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Klarinet Archive - Posting 000263.txt from 1997/09

From: Mike Nichols <mrn8395@-----.edu>
Subj: Re: treble clef
Date: Sat, 6 Sep 1997 14:43:31 -0400

On Sat, 6 Sep 1997, Mark Charette wrote:

> Are you sure, Bert? It seems to me that the alto clef would
> have been a better fit. The viola, an older instrument
> with similar range, uses an alto clef for written music.

It also uses the treble clef when it gets up into high notes. Using an
alto clef for clarinet music would eliminate the ledger-line problem for
the lower range of the instrument, but would not facilitate playing in the
upper range. So much of clarinet music is played in the clarion register,
though, that for most of the time clarinet music would still be notated in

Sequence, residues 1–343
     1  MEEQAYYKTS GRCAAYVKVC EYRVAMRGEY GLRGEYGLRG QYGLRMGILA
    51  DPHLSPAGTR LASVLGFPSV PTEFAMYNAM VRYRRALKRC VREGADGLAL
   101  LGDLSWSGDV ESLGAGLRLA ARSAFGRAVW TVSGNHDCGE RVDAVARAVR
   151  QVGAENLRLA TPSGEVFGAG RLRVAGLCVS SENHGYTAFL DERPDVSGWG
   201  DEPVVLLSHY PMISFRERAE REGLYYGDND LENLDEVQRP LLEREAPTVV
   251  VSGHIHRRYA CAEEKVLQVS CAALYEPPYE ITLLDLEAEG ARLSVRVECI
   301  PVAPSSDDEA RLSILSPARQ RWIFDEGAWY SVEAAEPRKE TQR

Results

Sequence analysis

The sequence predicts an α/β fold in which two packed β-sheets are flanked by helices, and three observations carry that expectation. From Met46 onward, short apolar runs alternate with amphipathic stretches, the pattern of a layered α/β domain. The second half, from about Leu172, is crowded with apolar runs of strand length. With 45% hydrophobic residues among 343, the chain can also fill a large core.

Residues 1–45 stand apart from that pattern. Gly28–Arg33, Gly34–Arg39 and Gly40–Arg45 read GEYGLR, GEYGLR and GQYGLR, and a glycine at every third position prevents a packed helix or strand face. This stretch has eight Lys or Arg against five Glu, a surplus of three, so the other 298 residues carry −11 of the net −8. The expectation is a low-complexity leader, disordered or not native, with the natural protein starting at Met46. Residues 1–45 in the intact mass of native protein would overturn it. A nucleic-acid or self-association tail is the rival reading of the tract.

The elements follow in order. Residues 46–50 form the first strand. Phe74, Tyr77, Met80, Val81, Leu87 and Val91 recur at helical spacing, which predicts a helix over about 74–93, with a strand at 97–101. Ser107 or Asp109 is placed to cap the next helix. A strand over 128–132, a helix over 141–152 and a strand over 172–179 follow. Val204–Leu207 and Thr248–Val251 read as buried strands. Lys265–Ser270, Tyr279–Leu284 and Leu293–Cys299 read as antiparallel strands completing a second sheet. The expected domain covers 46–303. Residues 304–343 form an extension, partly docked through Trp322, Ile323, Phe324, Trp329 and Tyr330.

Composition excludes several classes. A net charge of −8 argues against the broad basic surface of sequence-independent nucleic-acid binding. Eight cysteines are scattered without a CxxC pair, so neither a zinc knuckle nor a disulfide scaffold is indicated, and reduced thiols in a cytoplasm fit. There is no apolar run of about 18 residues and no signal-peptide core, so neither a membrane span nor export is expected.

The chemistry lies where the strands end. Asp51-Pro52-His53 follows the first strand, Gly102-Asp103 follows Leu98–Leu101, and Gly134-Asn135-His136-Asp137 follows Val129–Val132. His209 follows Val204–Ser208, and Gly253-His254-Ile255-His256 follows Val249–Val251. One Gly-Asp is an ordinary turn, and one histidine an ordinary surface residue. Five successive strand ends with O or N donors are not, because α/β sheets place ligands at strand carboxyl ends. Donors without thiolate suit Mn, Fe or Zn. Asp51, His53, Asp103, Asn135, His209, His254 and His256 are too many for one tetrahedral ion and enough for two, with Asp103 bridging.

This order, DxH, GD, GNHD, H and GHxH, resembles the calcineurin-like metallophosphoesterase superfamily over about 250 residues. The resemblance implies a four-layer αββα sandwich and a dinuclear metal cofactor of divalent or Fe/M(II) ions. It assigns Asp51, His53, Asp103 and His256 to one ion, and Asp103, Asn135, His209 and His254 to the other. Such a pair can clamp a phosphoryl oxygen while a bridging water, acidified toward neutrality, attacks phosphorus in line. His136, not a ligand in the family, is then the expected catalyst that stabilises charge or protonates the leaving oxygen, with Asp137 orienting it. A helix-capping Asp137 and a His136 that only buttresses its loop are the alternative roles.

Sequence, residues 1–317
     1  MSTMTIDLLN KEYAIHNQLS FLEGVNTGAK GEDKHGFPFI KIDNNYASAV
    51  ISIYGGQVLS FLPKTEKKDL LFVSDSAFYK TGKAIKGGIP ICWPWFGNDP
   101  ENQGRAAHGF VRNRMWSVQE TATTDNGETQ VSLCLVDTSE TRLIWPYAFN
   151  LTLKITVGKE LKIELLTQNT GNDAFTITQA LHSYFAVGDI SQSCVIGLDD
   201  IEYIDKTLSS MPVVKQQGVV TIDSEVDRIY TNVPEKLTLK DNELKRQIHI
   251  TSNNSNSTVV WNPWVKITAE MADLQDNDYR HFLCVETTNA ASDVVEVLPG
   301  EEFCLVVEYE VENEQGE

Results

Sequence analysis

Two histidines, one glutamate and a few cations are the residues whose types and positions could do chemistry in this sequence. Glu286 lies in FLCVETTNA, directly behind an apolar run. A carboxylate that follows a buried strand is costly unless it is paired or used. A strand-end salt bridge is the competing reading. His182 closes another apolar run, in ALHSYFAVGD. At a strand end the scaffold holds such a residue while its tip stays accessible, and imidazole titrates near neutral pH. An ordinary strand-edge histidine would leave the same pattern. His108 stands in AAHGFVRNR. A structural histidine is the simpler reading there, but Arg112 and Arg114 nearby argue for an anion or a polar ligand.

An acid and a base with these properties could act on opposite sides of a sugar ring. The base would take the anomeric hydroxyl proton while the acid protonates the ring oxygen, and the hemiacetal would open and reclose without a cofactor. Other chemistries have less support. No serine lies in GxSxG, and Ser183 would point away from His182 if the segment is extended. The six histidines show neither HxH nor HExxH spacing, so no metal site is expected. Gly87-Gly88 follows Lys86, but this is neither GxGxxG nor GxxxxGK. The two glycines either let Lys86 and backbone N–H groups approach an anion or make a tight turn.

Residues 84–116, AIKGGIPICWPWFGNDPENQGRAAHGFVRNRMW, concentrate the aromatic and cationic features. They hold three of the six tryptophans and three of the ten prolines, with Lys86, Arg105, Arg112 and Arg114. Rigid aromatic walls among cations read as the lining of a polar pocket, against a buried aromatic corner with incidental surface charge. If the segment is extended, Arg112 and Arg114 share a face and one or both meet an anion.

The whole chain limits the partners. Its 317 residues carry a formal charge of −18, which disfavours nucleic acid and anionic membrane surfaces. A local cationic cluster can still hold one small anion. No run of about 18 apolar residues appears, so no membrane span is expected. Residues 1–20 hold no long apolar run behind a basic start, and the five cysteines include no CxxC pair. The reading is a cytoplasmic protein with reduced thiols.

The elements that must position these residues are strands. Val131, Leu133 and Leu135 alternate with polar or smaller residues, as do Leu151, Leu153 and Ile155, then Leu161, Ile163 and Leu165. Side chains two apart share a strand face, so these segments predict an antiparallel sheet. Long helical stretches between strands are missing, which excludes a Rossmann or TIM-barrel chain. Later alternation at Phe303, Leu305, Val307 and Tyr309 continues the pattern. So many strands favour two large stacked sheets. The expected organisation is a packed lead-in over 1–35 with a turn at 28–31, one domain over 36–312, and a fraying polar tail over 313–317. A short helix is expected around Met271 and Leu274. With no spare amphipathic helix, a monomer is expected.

treble. Only in the chalameau register would it become practical to
notate in alto clef, and even then it seems a bit like overkill.

Alto clef makes sense on viola for two reasons. One, the viola has a
slightly lower range than clarinet (it extends down to a C--another ledger
line to have to read [or to write, for that matter--it's often hard to fit
that many lines on a sheet of manuscript]). Two, viola is more likely to
be played at the lower end of its range because of its function as a
member of the string choir. Violas usually play beneath the violin
section, so they don't often need to play higher than an alto clef can
handle, and when they do, they switch to treble clef. (Violas can hit a
high A above the treble staff [the A just above the fourth ledger line].
That would be a nightmare with an alto clef.)

Mike Nichols
mnichols@-----.edu

   
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